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Restoring the joy of taking pictures
#1
Recently I have been ditching my automatic and zoom lenses and buying cheap prime film era manual lenses from E-bay. In my opinion automation has jacked up the cost of buying lenses and taken away much of the feel of taking pictures. I found a new joy in going out with my Vivitar fitted on my D40 to give me stop down imaging. I also just bought a manual 2x teleconverter for my Nikkor 135 f3.5. I am fortunate to have a Nikon D40 camera on which almost every Nikon mount lens fits.
Nikon D3100 with Tokina 28-70mm f3.5, (I like to use a Vivitar .43x aux on the 28-70mm Tokina), Nikkor 10.5 mm fisheye, Quanteray 70-300mm f4.5, ProOptic 500 mm f6.3 mirror lens. http://donschaefferphoto.blogspot.com/
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#2
I would tend to agree about automation removing a lot of the joy and serendipity of the photographic process. Price is an additional benefit, but isn't really related to joy - just to accessibility.
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#3
I love receiving little photographic toys in the mail. That's part of the joy.
Nikon D3100 with Tokina 28-70mm f3.5, (I like to use a Vivitar .43x aux on the 28-70mm Tokina), Nikkor 10.5 mm fisheye, Quanteray 70-300mm f4.5, ProOptic 500 mm f6.3 mirror lens. http://donschaefferphoto.blogspot.com/
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#4
I recently was asked to pick seven favourite photos that show my photographic interests. I was quite surprised to discover that every single one was taken with manual focus lenses, including the one from a digital camera.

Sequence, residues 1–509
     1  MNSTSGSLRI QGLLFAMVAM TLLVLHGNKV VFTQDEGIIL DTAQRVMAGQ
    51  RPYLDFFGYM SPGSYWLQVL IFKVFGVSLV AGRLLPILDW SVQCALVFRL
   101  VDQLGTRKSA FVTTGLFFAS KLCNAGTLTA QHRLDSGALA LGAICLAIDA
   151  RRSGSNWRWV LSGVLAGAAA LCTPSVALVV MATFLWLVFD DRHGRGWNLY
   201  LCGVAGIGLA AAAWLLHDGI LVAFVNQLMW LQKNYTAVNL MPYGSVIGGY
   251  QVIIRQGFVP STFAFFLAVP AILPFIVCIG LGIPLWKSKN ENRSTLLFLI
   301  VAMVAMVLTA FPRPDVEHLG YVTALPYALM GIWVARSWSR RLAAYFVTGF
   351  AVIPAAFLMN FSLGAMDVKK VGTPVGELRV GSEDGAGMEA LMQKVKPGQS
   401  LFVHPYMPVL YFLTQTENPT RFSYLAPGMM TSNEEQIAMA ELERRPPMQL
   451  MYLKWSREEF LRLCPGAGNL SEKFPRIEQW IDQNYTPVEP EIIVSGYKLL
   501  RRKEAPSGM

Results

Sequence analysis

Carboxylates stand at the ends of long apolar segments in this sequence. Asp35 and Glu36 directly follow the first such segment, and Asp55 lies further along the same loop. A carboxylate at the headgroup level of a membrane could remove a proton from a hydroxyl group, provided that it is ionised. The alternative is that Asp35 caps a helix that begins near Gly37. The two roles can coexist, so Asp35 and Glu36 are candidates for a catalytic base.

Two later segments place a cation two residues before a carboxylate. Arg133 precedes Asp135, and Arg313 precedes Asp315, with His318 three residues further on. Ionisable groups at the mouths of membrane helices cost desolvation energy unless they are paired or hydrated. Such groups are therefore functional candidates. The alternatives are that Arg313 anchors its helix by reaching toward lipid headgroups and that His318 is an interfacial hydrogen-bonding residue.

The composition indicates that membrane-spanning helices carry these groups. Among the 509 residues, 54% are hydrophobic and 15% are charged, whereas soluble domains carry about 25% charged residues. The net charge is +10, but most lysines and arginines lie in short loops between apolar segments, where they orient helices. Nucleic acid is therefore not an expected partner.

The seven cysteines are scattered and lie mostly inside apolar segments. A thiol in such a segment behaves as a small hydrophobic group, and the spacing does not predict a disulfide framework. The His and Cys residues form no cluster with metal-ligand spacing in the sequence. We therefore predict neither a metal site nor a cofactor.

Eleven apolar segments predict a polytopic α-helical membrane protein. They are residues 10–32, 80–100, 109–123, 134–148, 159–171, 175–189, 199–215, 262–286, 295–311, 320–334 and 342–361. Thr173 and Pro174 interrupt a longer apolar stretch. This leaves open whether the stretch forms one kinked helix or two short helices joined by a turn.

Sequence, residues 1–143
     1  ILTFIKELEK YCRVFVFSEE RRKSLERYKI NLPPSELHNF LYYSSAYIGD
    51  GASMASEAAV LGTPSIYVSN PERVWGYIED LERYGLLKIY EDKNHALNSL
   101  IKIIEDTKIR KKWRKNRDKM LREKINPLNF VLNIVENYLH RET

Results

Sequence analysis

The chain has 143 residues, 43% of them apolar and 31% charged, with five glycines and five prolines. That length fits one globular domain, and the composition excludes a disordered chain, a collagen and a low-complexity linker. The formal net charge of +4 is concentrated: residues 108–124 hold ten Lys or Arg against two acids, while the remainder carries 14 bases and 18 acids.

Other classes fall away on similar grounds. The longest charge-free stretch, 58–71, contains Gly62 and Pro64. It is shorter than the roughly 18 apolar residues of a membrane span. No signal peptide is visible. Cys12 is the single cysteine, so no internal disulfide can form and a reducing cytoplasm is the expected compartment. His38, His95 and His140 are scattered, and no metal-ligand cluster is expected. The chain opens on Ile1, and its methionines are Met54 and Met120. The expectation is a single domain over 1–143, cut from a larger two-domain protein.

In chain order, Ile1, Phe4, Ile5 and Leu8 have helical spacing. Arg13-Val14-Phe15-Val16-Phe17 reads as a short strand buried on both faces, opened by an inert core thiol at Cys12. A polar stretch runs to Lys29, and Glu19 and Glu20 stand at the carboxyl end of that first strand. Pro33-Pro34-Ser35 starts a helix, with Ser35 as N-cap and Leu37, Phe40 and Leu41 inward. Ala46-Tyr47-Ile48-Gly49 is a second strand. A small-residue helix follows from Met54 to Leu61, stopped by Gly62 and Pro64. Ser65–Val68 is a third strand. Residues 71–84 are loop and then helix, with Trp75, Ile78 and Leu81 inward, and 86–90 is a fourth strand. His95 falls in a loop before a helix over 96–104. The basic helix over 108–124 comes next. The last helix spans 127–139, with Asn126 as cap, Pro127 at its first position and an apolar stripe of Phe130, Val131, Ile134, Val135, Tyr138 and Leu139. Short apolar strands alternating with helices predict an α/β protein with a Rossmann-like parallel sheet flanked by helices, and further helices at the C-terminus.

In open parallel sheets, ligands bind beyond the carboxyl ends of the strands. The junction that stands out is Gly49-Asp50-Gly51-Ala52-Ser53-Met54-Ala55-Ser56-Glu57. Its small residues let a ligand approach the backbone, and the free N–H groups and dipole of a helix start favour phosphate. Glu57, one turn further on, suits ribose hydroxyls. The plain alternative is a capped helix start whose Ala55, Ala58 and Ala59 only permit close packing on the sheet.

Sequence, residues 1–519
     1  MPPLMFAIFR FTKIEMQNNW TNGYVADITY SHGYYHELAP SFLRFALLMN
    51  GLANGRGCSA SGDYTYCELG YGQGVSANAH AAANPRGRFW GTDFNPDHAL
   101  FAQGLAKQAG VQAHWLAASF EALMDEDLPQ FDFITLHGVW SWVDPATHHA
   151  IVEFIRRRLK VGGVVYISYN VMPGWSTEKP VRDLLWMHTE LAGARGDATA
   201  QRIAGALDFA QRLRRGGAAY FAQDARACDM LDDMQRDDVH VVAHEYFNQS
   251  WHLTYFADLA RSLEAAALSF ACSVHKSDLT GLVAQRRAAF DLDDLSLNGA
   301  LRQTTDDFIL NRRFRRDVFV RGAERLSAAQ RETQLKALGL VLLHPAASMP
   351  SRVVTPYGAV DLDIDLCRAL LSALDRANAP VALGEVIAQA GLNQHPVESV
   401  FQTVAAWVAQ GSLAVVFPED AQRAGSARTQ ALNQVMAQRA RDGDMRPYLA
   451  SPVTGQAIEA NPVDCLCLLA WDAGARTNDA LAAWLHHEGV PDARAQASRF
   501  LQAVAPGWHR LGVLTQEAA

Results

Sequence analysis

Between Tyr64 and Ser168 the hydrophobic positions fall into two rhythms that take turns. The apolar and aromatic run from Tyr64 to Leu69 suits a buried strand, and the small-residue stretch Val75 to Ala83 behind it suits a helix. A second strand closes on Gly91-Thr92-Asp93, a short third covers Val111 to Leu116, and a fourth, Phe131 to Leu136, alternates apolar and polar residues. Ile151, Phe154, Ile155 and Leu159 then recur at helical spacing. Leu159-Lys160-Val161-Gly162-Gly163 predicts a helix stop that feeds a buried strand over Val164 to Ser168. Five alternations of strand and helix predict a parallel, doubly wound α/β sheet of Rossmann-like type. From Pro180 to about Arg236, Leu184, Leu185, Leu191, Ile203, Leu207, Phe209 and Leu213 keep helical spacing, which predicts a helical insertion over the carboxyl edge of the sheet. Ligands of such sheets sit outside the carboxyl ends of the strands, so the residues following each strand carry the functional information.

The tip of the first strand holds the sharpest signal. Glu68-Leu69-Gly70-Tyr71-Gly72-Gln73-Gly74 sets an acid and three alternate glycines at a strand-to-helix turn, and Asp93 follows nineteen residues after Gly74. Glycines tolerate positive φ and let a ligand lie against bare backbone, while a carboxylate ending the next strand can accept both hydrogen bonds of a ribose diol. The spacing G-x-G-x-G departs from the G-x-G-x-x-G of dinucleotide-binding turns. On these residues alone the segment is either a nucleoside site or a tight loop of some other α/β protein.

Not that I'm about to give up AF, mind you, but automation certainly isn't the most important thing about a camera.
matthewpiers.com • @matthewpiers | robertsonphoto.blogspot.com | @thewsreviews • thewsreviews.com
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#5
Very ineresting, Matt
Nikon D3100 with Tokina 28-70mm f3.5, (I like to use a Vivitar .43x aux on the 28-70mm Tokina), Nikkor 10.5 mm fisheye, Quanteray 70-300mm f4.5, ProOptic 500 mm f6.3 mirror lens. http://donschaefferphoto.blogspot.com/
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#6
I see what you mean but, Matthew, does your manual-lens use pertain to a focal length?(ie, is the fact that it was manual purely coincidental?)
Do you know, Don, I'd quite forgotten that nice "Christmas come early" feeling of getting something hobby-related in the post; nice to see the word "joy" next to "pictures" again too!
All my stuff is here: www.doverow.com
(Just click on the TOP RIGHT buttons to take you to my Image Galleries or Music Rooms!)
My band TRASHVILLE, in which I'm lead guitarist: http://www.youtube.com/watch?v=Z6mU6qaNx08
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#7
There must be something coincidental about the dominance of manual focus, but there's nothing else common to all of the photos that I picked. Five different cameras, six different lenses - two different focal lengths, more or less - in small format, medium format, and digital. Now, there's a certain truth that my best lenses are all manual, but one of the photos is from my Olympus XA, which is one of the cheapest that I own.

But I do like autofocus - it just doesn't help create a good photo for me.
matthewpiers.com • @matthewpiers | robertsonphoto.blogspot.com | @thewsreviews • thewsreviews.com
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#8
Using manual lenses does make us think more about the photo. I frequently use manual exposure adjustments too and have to take several shots to get it right.
Nikon D3100 with Tokina 28-70mm f3.5, (I like to use a Vivitar .43x aux on the 28-70mm Tokina), Nikkor 10.5 mm fisheye, Quanteray 70-300mm f4.5, ProOptic 500 mm f6.3 mirror lens. http://donschaefferphoto.blogspot.com/